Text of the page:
Workers at Fairfax newspapers started a week-long strike on 3 May. The decision to walk out was taken in protest at Fairfax Media announcing the abolition of 125 full time equivalent positions across the newspaper network, roughly one-quarter of all newsroom staff.
The announcement is the culmination of a management policy to reduce the editorial budget by $30 million a year. It follows the loss of 120 jobs last year, a cut which prompted a one-day walk-off. Under Fairfax’s plan, workers have seven days to express interest in voluntary redundancies, before forced redundancies begin on 12 May.
The company claims that heavy job losses in its editorial department are “necessary changes” that the business must make in a difficult financial environment for print media. Coming within days of Fairfax executive director Greg Hywood receiving a $2.5 million bonus, these claims ring hollow.
The strike includes Fairfax’s masthead publications, the Age and Sydney Morning Herald, and means that striking journalists will not cover the federal budget release. Journalists working on Fairfax’s news website in Queensland, the Brisbane Times, are joining the strike in solidarity, despite the axe not hitting them directly. Staff at the Newcastle Herald and WA Today stopped work overnight.
Red Flag spoke with striking Fairfax employee and Walkley award-winning journalist Ben Schneiders about the strike and its implications.
“Increasingly, large numbers of workers are freelance journalists or outsourced, or on temporary contracts … only a minority are employed on a stable full time basis”, he said. Besides a deteriorating workplace environment, Ben sees the future of quality journalism at stake if management is able to keep slashing journalists’ jobs.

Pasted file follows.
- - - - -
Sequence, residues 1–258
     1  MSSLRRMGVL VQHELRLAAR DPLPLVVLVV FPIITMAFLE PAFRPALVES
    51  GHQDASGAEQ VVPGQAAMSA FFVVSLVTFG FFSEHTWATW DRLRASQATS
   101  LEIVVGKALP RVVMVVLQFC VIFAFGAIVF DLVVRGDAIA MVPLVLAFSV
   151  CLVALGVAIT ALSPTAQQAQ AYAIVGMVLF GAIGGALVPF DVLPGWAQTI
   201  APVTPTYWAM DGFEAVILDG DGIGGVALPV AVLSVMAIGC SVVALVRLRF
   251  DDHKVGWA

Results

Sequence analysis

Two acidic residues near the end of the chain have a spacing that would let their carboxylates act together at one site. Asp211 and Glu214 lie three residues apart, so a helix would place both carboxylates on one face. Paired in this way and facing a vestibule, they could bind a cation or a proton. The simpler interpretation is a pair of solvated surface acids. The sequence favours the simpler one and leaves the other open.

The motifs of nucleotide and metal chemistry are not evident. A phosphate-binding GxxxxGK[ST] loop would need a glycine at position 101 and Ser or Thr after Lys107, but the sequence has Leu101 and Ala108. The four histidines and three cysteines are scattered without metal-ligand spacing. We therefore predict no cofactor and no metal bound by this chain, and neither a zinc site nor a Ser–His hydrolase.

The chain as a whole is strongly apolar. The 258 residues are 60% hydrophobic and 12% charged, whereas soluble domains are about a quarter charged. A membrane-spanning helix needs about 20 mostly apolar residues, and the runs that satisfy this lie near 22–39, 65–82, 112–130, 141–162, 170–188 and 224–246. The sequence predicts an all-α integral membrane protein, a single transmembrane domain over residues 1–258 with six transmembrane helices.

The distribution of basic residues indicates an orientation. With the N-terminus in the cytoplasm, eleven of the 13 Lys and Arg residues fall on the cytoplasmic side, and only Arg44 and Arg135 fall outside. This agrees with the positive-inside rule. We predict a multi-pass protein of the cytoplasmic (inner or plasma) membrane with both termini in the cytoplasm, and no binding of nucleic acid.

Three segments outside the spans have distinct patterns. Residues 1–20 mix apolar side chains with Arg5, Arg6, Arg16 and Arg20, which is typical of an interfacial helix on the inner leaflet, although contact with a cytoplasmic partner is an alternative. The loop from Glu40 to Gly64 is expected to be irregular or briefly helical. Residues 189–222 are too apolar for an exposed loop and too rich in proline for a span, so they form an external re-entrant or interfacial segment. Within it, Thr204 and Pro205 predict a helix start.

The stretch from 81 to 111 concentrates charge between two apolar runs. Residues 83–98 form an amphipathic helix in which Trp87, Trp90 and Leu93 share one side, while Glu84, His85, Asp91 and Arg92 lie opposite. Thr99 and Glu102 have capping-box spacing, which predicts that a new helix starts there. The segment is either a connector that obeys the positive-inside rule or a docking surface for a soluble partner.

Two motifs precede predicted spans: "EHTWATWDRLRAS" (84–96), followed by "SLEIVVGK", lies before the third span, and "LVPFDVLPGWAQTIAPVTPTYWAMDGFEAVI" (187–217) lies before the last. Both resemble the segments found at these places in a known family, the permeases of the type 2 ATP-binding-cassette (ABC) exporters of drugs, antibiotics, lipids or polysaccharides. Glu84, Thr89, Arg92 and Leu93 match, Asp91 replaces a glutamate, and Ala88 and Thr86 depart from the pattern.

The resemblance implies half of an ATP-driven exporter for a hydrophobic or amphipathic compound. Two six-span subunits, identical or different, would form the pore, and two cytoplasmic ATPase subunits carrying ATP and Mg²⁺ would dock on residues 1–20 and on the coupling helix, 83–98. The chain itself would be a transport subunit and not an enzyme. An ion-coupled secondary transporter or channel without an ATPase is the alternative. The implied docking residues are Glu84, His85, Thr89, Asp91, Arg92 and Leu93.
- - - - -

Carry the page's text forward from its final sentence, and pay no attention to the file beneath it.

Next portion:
“Fairfax mastheads like the Age and Sydney Morning Herald do reporting that doesn’t get done anywhere else. Other media feed off this reporting … Cutting our resources will reduce original reporting. We might not always yield sexy stories, but we are irreplaceable.”
It was the belief that they were being mistreated and concern that management was undermining their ability to do their jobs that drove Fairfax workers to take their bold stand. “People care a lot about their work”, Ben said. “There is real anger about how management have operated.”
The vote in favour of a strike was carried despite the walk off being “unprotected” industrial action under the Fair Work Act, which proscribes industrial action outside enterprise bargaining and bans solidarity strikes. “We were aware of the risks we were taking but we were prepared to take action anyway”, Ben said.
Fairfax journalists are hoping that the strike will force management to pursue a different course. The workers and their union, the Media, Entertainment and Arts Alliance, are asking supporters to boycott all Fairfax print, digital and radio outlets for the duration of the strike. A petition to support the strike and oppose the job cuts can also be signed at meaa.org/campaigns/fair-go-fairfax.